Find the Rules at Rachael Ritchie’s blog: http://wp.me/p7rsge-cB
Genre: Realistic Fiction
The Devil is in the Details
Anita picked up the cordless and counted down the speed-dial list with a finger. No wooing, nor scheming, nor monetary enticements had worked. She had made the effort each time with high hopes. Nothing had changed in five years. She drew in an unsteady breath. The phone chirped in her ear. Once. Twice. And again. A tired female voice answered.
“Hello, Grandma, that you?”
I’m not your grandma, darnit. Simmer down, Anita. She rolled her shoulders and pasted a smile on her face. Everyone knew a smile traveled through the telephone and out the other end. “That you, Sylvia? How are you? How are the boys? What about Emma?” Her face hurt but she maintained the smile though her jaw quivered and her eyes leaked.
A pause and an impatient sigh. “Everyone is fine. To what do I owe the pleasure of your call?”
“You’ve been on my mind. Miss the kids like crazy.” Anita bit her lip. There, I’ve said it. “Haven’t heard from them in ages. Something wrong with your Skype? I guess everyone has things to do and places to go.”
“Grandma, they’re busy with homework, baseball, and ballet. You know how it is.” A door slammed. Rowdy arguing followed; a girl’s shrill voice sliced through her brothers’ booming power struggle. The sounds muffled a moment. “Quiet. Can’t you see I’m on the phone?” A muffled drone filled Anita’s ear, then the sound of footsteps clomping on ceramic.
“Are you there, Sylvia? Can I talk to Emma… please?” Anita’s heart thrummed. How can she refuse? I know Emma’s there.
“It’s just—alright but make it quick. She has ballet in a few minutes.”
“Before you go, I have an idea. It’s been so long, I thought I’d come up to see you all for a couple days. Save you fare and travel time. Don’t want to be any trouble. I’ll stay in a hotel. How about it?” She ran a sleeve over her eyes, the smile cemented in place.
“I’ll have to talk to Phil. See what his plans are.”
“I don’t mind staying with the kids, if you have special plans—save you a babysitter.”
In the silent pause, Anita pictured her daughter-in-law’s eyes roll. “They’re teenagers and Emma is ten now. Here she is.” A hushed drone and a young voice gushed through the miles between them. “Hi, Grandma. How are you? I miss you.”
“Bless your heart. I miss you too, and your sweet face. We haven’t Skyped for months. How about this weekend?”
“Maybe. Gotta go, Grandma. Mom’s waving her car keys at me.”
* * *
“She offered to visit again, Phil. I can’t manage it: me working, you never home, the kids with their lessons and friends.” Sylvia paced before her husband, each point punched onto the pads of her fingers with a lacquered nail.
Her husband threw his arms in the air. “What do you want from me? The guilt of turning her down is killing me. Guilt over making extra work for you is too. Can’t keep putting her off forever. Figure something out that works. Get it over with, okay?”
“She’s your mother and a lonely old woman. I’m not up to playing nursemaid. I work all day, too, and have a household to run. Will you at least be around to help out?”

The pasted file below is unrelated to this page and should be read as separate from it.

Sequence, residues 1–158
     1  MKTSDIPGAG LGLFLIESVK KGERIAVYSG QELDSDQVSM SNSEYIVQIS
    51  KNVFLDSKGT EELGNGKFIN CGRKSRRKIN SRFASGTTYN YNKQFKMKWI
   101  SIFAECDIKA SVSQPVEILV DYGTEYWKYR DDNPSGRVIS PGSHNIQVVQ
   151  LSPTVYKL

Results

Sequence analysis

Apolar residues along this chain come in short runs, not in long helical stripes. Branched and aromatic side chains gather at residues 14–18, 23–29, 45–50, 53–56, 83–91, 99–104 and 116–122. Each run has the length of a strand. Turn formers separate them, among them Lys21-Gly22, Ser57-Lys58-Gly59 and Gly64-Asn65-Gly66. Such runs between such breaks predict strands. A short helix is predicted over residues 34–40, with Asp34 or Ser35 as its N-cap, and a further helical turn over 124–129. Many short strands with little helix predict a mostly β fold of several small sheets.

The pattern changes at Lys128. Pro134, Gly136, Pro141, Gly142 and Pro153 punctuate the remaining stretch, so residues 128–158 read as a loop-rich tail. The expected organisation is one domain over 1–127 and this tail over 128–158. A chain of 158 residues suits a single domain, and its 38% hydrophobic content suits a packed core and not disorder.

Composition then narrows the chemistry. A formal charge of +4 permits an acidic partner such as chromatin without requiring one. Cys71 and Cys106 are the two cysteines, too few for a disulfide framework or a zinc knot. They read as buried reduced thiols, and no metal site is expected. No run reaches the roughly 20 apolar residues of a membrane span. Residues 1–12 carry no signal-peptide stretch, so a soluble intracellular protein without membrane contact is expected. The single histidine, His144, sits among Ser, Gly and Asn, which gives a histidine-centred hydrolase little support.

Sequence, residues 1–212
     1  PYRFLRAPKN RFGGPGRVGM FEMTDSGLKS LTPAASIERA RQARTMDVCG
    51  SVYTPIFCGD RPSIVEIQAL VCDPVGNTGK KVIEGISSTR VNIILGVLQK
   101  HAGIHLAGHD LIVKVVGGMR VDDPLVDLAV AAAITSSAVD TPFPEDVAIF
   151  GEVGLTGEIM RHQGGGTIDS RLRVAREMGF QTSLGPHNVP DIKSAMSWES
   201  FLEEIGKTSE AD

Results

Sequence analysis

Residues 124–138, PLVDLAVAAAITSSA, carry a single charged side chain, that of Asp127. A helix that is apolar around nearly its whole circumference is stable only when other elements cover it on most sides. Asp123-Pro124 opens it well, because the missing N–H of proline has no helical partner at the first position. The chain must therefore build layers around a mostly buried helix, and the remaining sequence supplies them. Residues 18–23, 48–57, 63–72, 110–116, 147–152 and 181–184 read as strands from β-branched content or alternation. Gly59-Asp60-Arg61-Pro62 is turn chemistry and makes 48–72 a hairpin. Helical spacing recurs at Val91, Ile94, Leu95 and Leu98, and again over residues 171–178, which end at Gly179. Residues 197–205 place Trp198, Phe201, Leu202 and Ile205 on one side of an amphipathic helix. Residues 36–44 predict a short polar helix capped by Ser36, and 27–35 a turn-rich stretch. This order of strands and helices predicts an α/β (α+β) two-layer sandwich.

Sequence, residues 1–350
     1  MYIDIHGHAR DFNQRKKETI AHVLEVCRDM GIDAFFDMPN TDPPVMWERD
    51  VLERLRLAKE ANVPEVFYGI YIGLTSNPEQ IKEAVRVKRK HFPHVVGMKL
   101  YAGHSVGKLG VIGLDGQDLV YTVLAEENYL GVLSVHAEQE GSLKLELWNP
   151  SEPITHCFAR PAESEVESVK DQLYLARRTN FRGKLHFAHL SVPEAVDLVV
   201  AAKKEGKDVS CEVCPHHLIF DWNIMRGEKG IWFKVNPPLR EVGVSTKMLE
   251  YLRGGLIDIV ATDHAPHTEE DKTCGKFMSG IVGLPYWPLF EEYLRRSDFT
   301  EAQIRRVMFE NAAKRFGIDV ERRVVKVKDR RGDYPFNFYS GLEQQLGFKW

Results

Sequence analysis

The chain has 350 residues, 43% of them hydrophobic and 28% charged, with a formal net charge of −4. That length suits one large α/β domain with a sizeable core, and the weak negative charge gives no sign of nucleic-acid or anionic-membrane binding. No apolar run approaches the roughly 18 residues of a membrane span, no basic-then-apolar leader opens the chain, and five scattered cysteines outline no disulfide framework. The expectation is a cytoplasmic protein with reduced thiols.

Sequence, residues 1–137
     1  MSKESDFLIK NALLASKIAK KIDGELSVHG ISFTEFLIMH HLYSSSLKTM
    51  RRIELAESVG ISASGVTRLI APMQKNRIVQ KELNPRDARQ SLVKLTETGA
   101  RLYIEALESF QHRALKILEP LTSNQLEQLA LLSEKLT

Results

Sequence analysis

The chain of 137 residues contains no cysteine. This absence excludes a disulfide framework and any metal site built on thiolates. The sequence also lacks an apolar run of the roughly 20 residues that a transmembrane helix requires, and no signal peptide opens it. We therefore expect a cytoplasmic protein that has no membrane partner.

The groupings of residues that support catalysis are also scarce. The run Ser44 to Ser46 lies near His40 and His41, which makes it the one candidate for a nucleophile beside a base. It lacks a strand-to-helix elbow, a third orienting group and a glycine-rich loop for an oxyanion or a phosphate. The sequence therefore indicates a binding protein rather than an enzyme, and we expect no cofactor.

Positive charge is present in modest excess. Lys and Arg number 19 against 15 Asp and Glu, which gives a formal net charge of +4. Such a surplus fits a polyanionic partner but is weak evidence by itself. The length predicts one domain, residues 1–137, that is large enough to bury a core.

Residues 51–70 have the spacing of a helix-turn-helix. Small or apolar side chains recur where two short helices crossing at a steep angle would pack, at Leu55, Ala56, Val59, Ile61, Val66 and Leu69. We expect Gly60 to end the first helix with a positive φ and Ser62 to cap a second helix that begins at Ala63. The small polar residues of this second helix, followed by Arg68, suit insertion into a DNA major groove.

Phil pulled out a chair. “Sit. You’re making me dizzy.” Hands shoved in his pockets, he paced.
* * *
Separated from foot traffic, a bird of a woman sat in a wheelchair. Dark, wraparound glasses too large for her, covered half her small face. She clasped a red carry-on on her lap. The airport attendant behind her held up a sign with two words: Anita Martin. Phil rushed through the Arrivals door, his wife took her time behind him.
“Mother? Are you all right?” Sylvia crashed into him at his abrupt stop. The attendant nodded and melted into the crowd.
“I’d recognized that voice anywhere.” Anita raised a hand for a shake. “That you, Sylvia? Good to see you both. You still have those cowboy boots you bought in Texas. The hesitation of your left foot since you busted your knee in football has always been a dead giveaway.”
“What’s with the chair, Mom.”
“Those are some ugly glasses, Grandma.” Sylvia made a face. She always spoke before thinking.
His mother-in-law ignored the affront, offering a weak smile instead. “It’s a long walk in today’s airports, sonny.”
“Gotcha. So… are you walking or riding?”
“Riding if you don’t mind. Too many people around and I’m slowing down these days.”
“You’ve lost weight haven’t you, Grandma? You’re not sick, or anything?” Sylvia studied her mother-in-law’s slight frame with a frown.
Anita clenched her teeth. “Don’t you worry about me. Let’s roll, sonny. Can’t wait to see Emma and the boys. Will they have classes tonight?” Leaning forward, she pursed her lips and hugged the case in her lap closer. “I can’t believe I’m here. The flight attendants took good care of me. Did you know they don’t serve free meals anymore?”
* * *
A supporting arm beneath his mother’s elbow, Phil guided her through the open door Sylvia had keyed open.
‘Powder room, Grandma?”
“Call me Anita. Please. Your timing is wonderful. Where…?”
“Around the corner and down the hall, first door to your right.”
The older woman toddled forward, a hand on the wall as if for support. Sylvia watched and sucked her teeth. She elbowed her husband’s ribs. “Something’s wrong with her eyes.”
“She’s fine. Just tired and shaky after the flight.”
“I believe she’s going blind, Phil. We’ll be stuck with her forever now.”
“Hush. If that’s true, we have to do right by her.”
Sylvia’s jaw dropped.
“Your mom and dad have each other. She can’t live alone—and so far away.”
“She’s my mom, Syl. Oh my god. It just hit me. Being an only child is a curse.”
© 2017 Tess and How the Cookie Crumbles
Images courtesy of Pixabay
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